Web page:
The Self-Made Man: Insane Clown Posse
Okay, so here’s what’s going to happen. I’m going to say things about the Insane Clown Posse that might, given the context of this article’s emphasis on self-made men, be taken as compliments. This may very well be my undoing, because the only people crazier and more easily provoked than ICP fans are people who hate ICP. Still, since those two guys easily qualify as self-made men, we blaze forward.
First of all, anyone from the Detroit area after, say, 1970 who makes something of himself deserves a medal. That city has fulfilled all of Robocop’s predictions and then some. Both of the guys in ICP grew up in Oak Park, which is a suburb of Detroit that doesn’t have any real advantages over the city itself, and they both came from broken homes with no real connections to anything. So did James Brown, you might be thinking, but at least he had the advantage of being a once-in-a-generation musical genius in addition to being a workaholic. ICP, to be polite about it, aren’t of that caliber.
Which brings me to my second point; ICP didn’t really do themselves any favors with their imagery, lyrics, or on-stage personae. There isn’t really a good time to dress like clowns and rap about drinking cheap soda and murdering people with hatchets, but the mid-90s was an especially bad time for it, since the big thing then was West Coast gangsta rap that claimed legitimacy over all else. By comparison, ICP looked like idiots. It took literally six years of constant roadwork for them to build any kind of fanbase, let alone the huge rabid one they’ve cobbled together from a network of social outcasts who aren’t even welcome among other outcasts. There are enough dedicated ICP fans now that the FBI considers them a gang. It’s insane.
I guess what I’m saying here is that ICP achieved success purely through touring, the grunt work of the music industry. That meant building up popularity in towns through non-stop shows (and acres of merchandise to sell at said shows), flyer drops, radio show appearances, in-store promotions, basically having no life at all besides the band. On top of that, there wasn’t anyone with any real industry knowledge guiding their decisions, or any third-party hype machine generating publicity for them. All they had is the fact that they were different and their own borderline-compulsive drive to promote themselves and get this weird act of theirs off the ground.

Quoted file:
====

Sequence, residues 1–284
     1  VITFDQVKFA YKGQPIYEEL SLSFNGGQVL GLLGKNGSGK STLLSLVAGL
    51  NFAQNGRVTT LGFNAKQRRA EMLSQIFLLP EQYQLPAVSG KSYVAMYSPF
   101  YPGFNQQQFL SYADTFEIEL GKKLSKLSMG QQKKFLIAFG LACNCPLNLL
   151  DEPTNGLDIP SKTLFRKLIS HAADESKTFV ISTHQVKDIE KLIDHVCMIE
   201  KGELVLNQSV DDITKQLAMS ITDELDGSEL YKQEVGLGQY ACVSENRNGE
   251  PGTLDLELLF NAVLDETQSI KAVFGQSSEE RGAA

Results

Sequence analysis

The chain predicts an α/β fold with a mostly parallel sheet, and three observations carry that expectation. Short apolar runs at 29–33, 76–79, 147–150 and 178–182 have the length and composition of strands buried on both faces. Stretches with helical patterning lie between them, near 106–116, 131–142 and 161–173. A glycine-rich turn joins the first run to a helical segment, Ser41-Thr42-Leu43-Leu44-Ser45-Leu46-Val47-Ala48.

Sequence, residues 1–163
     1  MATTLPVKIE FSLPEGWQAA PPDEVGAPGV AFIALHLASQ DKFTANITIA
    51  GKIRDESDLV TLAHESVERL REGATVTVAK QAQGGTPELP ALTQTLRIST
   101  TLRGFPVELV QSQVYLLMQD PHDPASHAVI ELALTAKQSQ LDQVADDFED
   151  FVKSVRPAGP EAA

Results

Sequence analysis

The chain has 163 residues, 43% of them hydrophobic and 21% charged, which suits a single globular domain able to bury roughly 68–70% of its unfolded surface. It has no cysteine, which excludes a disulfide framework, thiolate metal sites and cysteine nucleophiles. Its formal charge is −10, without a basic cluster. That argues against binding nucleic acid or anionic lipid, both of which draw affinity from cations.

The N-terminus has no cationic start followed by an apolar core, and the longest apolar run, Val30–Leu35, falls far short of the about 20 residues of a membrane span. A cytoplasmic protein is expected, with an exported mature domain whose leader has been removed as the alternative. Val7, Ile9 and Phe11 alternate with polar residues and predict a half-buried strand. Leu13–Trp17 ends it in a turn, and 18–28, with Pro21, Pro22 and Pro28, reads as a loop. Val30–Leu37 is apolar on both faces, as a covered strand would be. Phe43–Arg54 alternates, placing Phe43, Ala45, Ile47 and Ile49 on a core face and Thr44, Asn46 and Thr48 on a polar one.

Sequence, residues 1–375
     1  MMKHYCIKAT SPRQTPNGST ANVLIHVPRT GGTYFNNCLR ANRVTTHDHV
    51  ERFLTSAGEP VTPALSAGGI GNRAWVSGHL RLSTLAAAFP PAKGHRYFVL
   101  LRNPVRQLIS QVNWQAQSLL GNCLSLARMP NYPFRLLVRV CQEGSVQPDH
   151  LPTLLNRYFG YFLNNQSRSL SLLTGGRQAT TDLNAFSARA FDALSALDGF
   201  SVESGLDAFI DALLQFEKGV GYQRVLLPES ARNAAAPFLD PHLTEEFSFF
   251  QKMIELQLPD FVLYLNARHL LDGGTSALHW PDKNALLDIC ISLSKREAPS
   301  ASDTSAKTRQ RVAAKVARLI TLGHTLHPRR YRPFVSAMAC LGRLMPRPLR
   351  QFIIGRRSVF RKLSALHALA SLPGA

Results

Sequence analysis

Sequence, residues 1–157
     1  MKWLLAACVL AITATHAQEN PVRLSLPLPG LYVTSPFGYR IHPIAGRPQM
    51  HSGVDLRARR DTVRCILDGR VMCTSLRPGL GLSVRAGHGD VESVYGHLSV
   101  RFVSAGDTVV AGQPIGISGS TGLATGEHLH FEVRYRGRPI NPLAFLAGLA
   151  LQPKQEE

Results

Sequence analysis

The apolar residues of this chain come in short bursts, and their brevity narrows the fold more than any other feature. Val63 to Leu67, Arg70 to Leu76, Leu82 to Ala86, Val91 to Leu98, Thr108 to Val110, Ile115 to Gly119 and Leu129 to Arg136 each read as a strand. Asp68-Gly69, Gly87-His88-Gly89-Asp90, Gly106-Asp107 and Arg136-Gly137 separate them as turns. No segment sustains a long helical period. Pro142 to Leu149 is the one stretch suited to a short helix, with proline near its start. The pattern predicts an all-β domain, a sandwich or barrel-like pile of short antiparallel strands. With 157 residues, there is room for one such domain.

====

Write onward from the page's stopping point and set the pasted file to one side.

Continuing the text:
And then, when they got signed to Disney-owned Hollywood Records and caught their big break, it was rescinded almost immediately. Due to pressure from conservative religious groups, Disney recalled ICP’s new album (The Great Milenko) from stores, canceled their national tour, and pulled the music video for the album’s first single from television, all in the same day. That’s a bad day.
ICP’s response to all this, however, was to find a new record label (Island, as it turned out) to release their album, then get right back on the road, using the controversy they’d kicked up around themselves to promote their live show. Even if you think they suck, you can’t fault their attitude. Well, aside from the whole magnets thing, I mean.
That attitude is what has kept them going, and now they don’t even really need mainstream attention thanks to the Psychopathic Records mini-empire they’ve assembled, which includes a record label, a professional wrestling promotion, and merchandise/video subsidiaries. The whole thing generates around $10 million in revenue every year, which might as well be one zillion dollars in independent record label money. Or, more accurately, one dollar for everyone who laughed at their chances of turning what they do into a viable career.
About Dave Kiefaber Dave Kiefaber is a Baltimore-based writer who regularly contributes to Adfreak and the Gettysburg Times. His personal website is at www.beeohdee.blogspot.com.